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Psychological coaching is grounded in the art and science of psychology and is in many ways very similar to traditional psychotherapy.  They both utilize knowledge of human behavior, motivation, behavioral change, and interactive techniques in order to help a client move from where they are to an improved state of being. The differences between psychological coaching and traditional psychotherapy are related to their goals, focus, and perspective. Traditional psychotherapy seeks to diagnose and treat emotional and behavioral conditions, with the therapist serving as "expert" in support of the client. Unfortunately, many have considered the pursuit of traditional psychotherapy to be stigmatizing, in part because of this perspective of the client being "broken" and in need of repair.  Psychological  coaching offers a different point of view.  The coaching psychologist is more likely focused on developing a collaborative relationship, with the client in the "driver seat", with the perspective that the client is creative, whole, and resourceful.  The clients' capacity for wellness and healing is assumed, encouraging them to move more quickly and directly through obstacles to their happiness, success, and life satisfaction.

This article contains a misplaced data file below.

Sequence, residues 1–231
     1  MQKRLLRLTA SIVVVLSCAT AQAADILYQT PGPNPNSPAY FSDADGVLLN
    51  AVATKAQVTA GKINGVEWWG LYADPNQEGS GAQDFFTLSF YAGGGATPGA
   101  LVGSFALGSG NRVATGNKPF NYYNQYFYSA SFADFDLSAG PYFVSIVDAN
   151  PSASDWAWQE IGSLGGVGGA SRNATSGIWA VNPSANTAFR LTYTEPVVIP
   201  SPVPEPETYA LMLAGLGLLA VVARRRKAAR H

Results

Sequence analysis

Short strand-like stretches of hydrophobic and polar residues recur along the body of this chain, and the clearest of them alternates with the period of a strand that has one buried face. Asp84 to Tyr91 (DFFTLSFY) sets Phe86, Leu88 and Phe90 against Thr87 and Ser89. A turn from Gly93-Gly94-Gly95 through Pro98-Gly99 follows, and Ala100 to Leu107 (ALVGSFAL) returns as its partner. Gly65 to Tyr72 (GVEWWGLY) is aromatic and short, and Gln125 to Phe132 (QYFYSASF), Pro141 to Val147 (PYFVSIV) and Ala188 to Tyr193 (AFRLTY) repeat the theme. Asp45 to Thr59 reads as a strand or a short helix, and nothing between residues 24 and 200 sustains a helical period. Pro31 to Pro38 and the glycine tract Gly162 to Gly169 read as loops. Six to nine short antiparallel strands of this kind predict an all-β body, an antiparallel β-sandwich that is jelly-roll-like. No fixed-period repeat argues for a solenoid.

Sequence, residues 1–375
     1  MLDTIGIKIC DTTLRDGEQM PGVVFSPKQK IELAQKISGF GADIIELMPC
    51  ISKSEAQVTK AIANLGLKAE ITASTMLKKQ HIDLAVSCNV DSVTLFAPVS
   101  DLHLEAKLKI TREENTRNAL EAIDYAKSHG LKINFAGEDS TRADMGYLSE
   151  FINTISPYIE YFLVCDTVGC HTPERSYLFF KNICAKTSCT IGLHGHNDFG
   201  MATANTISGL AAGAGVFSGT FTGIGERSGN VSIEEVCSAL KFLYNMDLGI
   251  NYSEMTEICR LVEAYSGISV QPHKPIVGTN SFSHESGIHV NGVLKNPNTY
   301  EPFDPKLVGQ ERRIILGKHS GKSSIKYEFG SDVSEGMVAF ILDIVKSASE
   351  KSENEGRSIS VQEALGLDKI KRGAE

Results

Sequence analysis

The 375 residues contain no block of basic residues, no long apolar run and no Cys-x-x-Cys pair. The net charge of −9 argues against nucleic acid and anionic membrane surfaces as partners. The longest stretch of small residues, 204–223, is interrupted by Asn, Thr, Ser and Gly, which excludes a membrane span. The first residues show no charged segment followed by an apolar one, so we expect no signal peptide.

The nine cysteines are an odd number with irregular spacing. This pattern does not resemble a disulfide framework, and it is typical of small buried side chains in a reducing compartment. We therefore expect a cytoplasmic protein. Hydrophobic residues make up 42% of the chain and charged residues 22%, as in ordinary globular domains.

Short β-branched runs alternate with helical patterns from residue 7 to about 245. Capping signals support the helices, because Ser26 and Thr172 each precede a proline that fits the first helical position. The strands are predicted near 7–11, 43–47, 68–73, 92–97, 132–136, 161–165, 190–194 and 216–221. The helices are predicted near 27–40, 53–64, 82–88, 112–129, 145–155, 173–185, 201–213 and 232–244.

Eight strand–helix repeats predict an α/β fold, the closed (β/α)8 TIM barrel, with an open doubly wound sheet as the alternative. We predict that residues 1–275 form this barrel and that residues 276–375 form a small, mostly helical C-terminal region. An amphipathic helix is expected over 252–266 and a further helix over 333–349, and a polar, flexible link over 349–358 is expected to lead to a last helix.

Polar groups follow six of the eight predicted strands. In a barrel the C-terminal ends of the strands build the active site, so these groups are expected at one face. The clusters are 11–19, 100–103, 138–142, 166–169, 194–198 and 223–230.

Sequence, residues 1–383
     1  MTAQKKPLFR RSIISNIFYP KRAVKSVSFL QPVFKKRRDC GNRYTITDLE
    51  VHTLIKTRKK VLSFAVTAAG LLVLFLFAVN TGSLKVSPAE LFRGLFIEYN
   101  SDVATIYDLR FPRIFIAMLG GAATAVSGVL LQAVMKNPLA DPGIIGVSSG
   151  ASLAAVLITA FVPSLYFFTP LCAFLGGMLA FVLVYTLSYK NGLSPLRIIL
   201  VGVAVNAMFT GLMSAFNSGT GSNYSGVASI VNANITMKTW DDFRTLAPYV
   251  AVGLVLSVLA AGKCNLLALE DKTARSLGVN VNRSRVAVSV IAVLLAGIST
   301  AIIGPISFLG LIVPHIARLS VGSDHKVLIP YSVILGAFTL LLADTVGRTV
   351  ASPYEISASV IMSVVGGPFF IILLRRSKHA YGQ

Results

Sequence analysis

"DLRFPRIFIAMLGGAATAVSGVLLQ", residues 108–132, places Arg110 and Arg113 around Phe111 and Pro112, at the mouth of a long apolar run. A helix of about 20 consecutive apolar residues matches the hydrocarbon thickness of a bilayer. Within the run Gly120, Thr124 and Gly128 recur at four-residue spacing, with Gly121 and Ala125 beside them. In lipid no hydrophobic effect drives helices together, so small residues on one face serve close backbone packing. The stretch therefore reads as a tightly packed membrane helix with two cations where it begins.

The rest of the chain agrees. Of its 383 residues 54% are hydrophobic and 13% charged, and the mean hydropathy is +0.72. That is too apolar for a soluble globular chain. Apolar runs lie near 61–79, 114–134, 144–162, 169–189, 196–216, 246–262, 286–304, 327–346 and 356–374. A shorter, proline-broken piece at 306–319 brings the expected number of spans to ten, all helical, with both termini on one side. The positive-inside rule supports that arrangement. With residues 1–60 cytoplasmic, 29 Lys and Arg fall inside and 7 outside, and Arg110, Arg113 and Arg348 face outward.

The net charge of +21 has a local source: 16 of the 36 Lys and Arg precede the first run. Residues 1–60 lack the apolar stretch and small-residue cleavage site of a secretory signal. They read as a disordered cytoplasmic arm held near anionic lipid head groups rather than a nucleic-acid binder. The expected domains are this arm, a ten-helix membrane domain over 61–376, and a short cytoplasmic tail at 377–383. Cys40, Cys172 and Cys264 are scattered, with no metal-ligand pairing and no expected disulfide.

As a Coaching Psychologist, my goal is to support you in creating awareness so that you can access your own skills and inner resources in order to manage the challenges you face now and into the future.  While our work together may touch on past traumas and psychiatric concerns, they will be addressed from the perspective of your strengths, rather than with a focus on ill-ness or disability.  In our larger community, it is not unusual for individuals to experience mild to moderate mental health issues, making psychological coaching an accessible and viable option.  If, in the course of our work together, either you or I have reason to believe that your mental or emotional health concerns are better addressed by another service provider, a referral will be made.  

As a Licensed Clinical Psychologist, I have 20 years of ongoing training and experience providing, consulting and supervising others in the provision of psychological services.  However,  as of now, the life coaching field is unregulated, allowing anyone to be a life coach - even those without training in the behavioral sciences.  As well, the coaching field is considered to lack a solid base in research, creating disagreement on educational and training standards. The International Coach Federation (ICF) is working to change this.  In order to ensure that your coach is not counseling others beyond their expertise, it is suggested that when considering a life coach, individuals  should seek coaches who are trained or ICF certified.  Along with my license as a Clinical Psychologist, I am currently enrolled in MentorCoach® L.L.C., one of the oldest ICF accredited coach training programs, and one that will enable me to be an ICF certified coach.